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The English Review, Or, An Abstract of English and Foreign Literature, Volum 9
Uten tilgangsbegrensning - 1787
The English Review, Or, An Abstract of English and Foreign Literature, Volum 21
Uten tilgangsbegrensning - 1793
The English Review, Or, An Abstract of English and Foreign Literature, Volum 25
Uten tilgangsbegrensning - 1795
admiral agriculture ancient appears arguments army attention cafe chapter character Christian church circumstances conduct consequence Constantinople contains Czar death decline and fall degree Denmark Dioclesian disease earth emperor empire enemy English ENGLISH REVIEW equally eyes fame favour fays French genius Gibbon give Gortynia Great-Britain Heraclius historian honour human idea important inflammation island Italy king King of Prussia labours land language letters likewise Limerick London Lord manner means ment mind nation nature neral Nestorius never object observations occasion opinion pamphlet particular passage Peter phlogiston Pindar poem political present prince Prince of Wales principles produce prove Prussian readers reason recommend reign religion remarks respect Roman Russian seems shew Sir David Society spirit Sweden Tacitus Thermæ thing thou tion truth Viminal hills volume whole writers
Side 325 - The times have been That, when the brains were out, the man would die, And there an end ; but now they rise again, With twenty mortal murders on their crowns, And push us from our stools.
Side 56 - Having now acquired the art of walking without tottering, and learned to make a bow, I boldly ventured to obey the baronet's invitation to a family dinner, not doubting but my new acquirements would enable me to see the ladies with tolerable intrepidity : but, alas ! how vain are all the hopes of theory...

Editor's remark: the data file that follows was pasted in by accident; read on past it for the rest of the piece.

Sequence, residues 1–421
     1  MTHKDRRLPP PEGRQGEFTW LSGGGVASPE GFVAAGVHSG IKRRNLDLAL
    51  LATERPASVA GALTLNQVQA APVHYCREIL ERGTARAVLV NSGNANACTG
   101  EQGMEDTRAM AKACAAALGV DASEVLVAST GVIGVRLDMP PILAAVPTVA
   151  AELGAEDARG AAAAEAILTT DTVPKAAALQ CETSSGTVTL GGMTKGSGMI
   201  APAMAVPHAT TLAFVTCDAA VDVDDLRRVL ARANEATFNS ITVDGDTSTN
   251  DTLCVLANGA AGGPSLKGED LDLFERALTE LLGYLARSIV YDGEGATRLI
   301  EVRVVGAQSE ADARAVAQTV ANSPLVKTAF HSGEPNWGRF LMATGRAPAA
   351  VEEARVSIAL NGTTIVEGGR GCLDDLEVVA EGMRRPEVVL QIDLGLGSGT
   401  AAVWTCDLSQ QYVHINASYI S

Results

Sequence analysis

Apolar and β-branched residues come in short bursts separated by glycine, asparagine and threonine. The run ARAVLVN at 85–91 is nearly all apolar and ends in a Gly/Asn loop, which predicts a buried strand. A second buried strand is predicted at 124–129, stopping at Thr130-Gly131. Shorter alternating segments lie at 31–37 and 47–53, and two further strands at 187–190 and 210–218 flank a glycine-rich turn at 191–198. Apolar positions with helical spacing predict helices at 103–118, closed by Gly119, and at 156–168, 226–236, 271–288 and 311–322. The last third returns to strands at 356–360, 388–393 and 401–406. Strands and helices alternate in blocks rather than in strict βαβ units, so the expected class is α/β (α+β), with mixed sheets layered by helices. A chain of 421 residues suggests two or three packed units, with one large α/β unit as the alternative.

Side 313 - ... inscribe this work to a Statesman who, in a long, a stormy, and at length an unfortunate administration, had many political opponents, almost without a personal enemy ; who has retained, in his fall from power, many faithful and disinterested friends ; and who, under the pressure of severe infirmity, enjoys the lively vigour of his mind, and the felicity of his incomparable temper.
Side 56 - The cheerfulness of her ladyship, and the familiar chat of the young ladies, insensibly led me to throw off' my reserve and sheepishness, till at length I ventured to join in conversation, and even to start fresh subjects. The library being richly furnished with books in elegant bindings, I conceived Sir Thomas to be a man of literature, and ventured to give my opinion concerning the several editions of the Greek classics, in which the baronet's opinion exactly coincided with my own.
Side 57 - To relieve me from the intolerable state of perspiration, which this accident had caused, without considering what I did, I wiped my face with that ill-fated handkerchief, which was still wet from the consequences of the fall of Xenophon, and covered all my features with streaks of ink in every direction.
Side 163 - ... must have been collected from the destruction of an earth which does not now appear. Consequently, in this true statement of the case, there is necessarily required the destruction of an animal and vegetable earth prior to the former land; and the materials of that earth which is first in our account, must have been collected at the bottom of the ocean, and begun to be concocted for the production of the present earth, when the land immediately preceding the present had arrived at its full extent.
Side 35 - Hope, he pufhed forwards into unknown feas, and penetrated through innu, merable mountains and iflands of ice in the fearch of a fouthern continent. It was like launching into chaos; all was obfcurity, all...
Side 87 - Nothing is more pleasing to a traveller than the sensation of continually getting forward: whereas the riding a horse of a contrary make, is like swarming the bannisters of a staircase, when, though perhaps, you really advance, you feel as if you were going backwards. Let him carry his head low, that he may have an eye to the ground, and see the better where he steps.
Side 363 - Sometime after, the Romans were alarmed by the intelligence that the commanders of their forces in Spain, ' Publius and Cneus Scipio, had been flaughtered ; and immediately young Scipio was appointed to avenge the death of his father, and of his uncle, and to vindicate the military honour of the republic. It was foon known how able he was to be at the head of an army; the various nations of Spain were conquered ; and in four years the...